In today’s pasta sector, firms face a trade off between export and foreign production. Companies increasingly operates on a global scale and producing abroad is cheaper than exporting with regards to variable costs because, because of distance costs incur. So the widely-held reputation of Italian pasta makers is not just all about research and development of products. There is either innovation in the productive and planning capacity to build up production plants in such strategic markets abroad. This is the reason why, we find Italian watermills and windmills in Europe, Russia, Asia and Northern America. And Africa will be the next frontier.
As pointed out by Stefano Berruto, MD of Pasta Berruto company: “Even if 98% of our output is destined specifically to meet foreign demand, so we are exporting the entire production, actually we make pasta in Italy only.” and he continues ” France is our main market but we are seeking for clients in Middle East region. In addition to this, we are investing in Angola where we are building up our first production plant abroad. Closest to Luanda port city, it’s a strategic point” he underlined ” What about China? We are ever willing to conquer new market but referring to this in particular, I must say that’s not just a piece of cake. I remember when we joined a Trade Fair in Shanghai, where we presented three colors pasta ( Italian flagship) but Chinese buyers didn’t understand and asked us if we were selling candies also”.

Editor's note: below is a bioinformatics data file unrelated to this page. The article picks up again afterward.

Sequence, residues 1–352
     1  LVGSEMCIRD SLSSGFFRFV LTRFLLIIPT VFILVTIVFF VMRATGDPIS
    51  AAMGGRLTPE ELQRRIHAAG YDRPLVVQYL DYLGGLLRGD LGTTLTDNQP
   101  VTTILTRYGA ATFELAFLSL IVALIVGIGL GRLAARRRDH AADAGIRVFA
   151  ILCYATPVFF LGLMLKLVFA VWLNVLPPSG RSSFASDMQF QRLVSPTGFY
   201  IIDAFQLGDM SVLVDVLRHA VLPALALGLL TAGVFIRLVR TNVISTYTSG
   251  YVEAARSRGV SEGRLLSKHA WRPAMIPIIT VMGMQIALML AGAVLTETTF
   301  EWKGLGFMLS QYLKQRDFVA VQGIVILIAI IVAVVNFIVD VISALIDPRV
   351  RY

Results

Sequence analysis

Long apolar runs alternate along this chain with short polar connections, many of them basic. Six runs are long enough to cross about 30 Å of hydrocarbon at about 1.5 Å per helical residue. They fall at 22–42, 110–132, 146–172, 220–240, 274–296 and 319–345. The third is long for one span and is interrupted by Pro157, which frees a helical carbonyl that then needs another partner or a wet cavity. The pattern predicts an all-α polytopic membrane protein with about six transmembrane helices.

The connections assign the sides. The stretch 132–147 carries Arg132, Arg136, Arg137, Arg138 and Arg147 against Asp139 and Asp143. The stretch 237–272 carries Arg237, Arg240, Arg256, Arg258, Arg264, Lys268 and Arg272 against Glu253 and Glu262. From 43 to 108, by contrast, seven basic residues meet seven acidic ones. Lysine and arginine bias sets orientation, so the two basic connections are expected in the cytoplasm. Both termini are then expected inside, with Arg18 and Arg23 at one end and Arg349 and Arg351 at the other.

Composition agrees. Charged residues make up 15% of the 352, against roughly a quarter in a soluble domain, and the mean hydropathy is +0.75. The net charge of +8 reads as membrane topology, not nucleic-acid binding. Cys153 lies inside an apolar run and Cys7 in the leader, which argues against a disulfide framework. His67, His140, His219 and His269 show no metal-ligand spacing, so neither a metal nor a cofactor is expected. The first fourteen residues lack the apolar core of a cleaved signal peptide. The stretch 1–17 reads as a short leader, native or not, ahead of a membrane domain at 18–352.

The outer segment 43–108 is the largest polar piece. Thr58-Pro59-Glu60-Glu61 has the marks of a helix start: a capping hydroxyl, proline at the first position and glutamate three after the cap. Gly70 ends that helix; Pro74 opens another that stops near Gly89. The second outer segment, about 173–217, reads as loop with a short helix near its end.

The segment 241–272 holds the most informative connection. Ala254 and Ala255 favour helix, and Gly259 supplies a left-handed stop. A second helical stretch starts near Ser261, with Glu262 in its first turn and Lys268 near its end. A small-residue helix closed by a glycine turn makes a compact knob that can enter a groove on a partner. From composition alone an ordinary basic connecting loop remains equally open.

So the truly question is: when to shift production abroad is profitable? Firms choose between the two alternatives to serve foreign markets by comparing the associated profits. Concentration of production at home and exporting saves on addition fixed costs, proximity to the customers abroad saves on distance costs. Markets are so segmented by distance costs that will be cases of Italian pasta manufacturers which produce abroad the 95% of output and only the 5% is exported from Italy.